Sadiq Khan agreed to promote United Airlines on an official visit to America in exchange for business-class seats on flights throughout the trip, in a deal previously denied by City Hall.
The agreement, seen by The Telegraph, was signed in April last year by the mayor’s office and the airline and said he would provide “recognition” to United Airlines at events as part of a trade mission to the US last year.
It comes after Mr Khan’s chief of staff, David Bellamy, told members of the London Assembly he would “not describe it as a United Airlines sponsored trip” in June this year.
Mr Bellamy said that it was “a natural part of these trips that businesses doing business with London get some publicity out of it”, adding: “I am not aware of anything specifically we did for [United] in exchange.”
However, the agreement said United could “optimise all appropriate PR opportunities” on the trip, put their logo on signs at its events and send a representative to accompany the mayor and his staff on board their flights.
Mr Khan then appeared to promote United’s expansion of its services to and from Britain that spring.
Posing with United pilots on the tarmac at Heathrow airport before departing London in May 2022 in a post on Twitter, Mr Khan wrote that the airline was “now flying 22 times a day from Heathrow to the US”
A press release, issued by City Hall on the same day, repeated the statement, adding: “United Airlines is proud to be flying the Mayor of London, Sadiq Khan, and his team on their trade mission to the United States.”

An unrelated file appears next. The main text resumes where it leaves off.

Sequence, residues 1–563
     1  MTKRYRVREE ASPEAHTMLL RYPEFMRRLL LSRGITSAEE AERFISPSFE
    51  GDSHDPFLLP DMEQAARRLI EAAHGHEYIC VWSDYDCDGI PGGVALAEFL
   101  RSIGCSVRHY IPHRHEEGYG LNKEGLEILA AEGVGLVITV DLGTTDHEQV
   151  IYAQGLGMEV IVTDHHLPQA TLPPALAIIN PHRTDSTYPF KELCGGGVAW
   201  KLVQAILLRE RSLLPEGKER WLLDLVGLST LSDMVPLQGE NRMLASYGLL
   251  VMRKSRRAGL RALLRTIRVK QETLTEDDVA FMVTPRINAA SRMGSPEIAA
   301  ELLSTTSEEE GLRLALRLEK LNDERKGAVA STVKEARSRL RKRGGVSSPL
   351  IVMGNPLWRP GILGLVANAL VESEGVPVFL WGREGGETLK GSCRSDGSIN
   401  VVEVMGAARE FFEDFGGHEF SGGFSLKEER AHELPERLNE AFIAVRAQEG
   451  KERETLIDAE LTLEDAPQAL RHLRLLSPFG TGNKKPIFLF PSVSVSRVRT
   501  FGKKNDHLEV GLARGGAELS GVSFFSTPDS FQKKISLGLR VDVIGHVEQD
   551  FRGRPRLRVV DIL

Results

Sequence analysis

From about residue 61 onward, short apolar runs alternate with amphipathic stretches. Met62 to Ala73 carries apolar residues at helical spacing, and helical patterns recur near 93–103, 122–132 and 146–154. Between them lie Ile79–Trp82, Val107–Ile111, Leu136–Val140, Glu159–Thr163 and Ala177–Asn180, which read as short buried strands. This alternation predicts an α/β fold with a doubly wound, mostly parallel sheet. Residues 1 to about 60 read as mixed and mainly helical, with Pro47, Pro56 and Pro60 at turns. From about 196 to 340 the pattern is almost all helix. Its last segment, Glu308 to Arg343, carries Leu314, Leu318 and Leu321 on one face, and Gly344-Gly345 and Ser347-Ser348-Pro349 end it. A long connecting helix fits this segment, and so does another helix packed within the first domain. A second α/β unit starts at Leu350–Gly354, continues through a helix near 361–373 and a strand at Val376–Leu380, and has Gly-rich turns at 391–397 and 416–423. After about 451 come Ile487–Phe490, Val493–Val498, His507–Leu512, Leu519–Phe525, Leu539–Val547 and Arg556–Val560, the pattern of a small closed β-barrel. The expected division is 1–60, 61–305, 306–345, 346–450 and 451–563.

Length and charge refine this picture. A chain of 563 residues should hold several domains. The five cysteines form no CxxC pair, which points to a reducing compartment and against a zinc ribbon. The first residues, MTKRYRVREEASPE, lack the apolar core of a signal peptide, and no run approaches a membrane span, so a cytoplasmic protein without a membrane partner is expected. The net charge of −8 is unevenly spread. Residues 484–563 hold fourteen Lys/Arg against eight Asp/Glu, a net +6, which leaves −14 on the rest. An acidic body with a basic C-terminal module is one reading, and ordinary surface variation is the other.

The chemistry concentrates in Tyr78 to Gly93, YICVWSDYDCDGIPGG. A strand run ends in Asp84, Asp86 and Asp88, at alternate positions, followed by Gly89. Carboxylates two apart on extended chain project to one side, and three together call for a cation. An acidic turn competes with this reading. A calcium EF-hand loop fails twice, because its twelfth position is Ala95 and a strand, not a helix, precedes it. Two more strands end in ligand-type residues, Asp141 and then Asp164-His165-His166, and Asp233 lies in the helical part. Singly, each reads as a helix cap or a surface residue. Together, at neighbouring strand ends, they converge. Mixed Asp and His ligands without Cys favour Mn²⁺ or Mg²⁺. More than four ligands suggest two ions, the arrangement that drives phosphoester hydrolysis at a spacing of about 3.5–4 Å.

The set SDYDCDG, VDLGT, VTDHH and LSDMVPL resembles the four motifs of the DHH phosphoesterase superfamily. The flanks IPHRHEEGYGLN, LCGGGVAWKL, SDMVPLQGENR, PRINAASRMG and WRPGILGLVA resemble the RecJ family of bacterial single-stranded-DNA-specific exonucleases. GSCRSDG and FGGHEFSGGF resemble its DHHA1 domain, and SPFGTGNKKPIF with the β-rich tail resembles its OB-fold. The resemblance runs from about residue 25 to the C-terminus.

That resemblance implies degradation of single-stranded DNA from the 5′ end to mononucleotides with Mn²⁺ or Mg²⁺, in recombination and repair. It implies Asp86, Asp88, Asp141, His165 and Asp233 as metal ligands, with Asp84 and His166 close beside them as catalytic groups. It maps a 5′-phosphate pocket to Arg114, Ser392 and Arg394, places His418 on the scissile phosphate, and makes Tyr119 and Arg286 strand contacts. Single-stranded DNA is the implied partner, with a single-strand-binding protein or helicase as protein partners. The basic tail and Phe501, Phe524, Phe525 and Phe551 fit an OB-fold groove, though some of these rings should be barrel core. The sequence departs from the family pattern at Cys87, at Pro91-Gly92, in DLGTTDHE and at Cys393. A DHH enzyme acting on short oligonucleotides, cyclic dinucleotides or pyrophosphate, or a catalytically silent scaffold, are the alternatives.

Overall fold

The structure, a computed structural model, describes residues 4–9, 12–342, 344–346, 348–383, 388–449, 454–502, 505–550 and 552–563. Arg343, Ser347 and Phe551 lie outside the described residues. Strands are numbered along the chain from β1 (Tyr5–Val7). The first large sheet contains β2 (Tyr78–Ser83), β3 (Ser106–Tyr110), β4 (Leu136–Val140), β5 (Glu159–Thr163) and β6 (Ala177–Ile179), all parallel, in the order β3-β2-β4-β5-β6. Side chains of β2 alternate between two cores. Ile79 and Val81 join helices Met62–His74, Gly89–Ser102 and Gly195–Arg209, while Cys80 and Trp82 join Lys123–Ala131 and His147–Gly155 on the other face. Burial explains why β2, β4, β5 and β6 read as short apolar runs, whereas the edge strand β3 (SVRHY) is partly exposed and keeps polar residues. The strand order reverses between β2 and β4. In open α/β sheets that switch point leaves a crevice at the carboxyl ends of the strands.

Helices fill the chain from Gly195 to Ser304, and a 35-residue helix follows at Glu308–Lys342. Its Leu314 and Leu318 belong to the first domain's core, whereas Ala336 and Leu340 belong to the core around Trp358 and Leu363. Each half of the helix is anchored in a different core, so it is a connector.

Mr Khan opposes the expansion of Heathrow to add a third runway, citing air and noise pollution concerns, and has previously spoken about reducing the number of flights to cut the airport’s carbon footprint.
He told reporters on a visit to nearby Hounslow in June that “we don’t want more flights,” adding: “We may have fewer flights with bigger aeroplanes but also the fuel they use might be more climate friendly.”
The six flights, worth £255 per seat, flew Mr Khan, his staff and a select group of journalists to New York, San Francisco, Los Angeles, and back to London.
City Hall was left with only fees and taxes to pay and United’s agreement also included economy class seats on flights from San Francisco to Los Angeles and two “pre-visit” journeys from London to Los Angeles and San Francisco for a deputy mayor.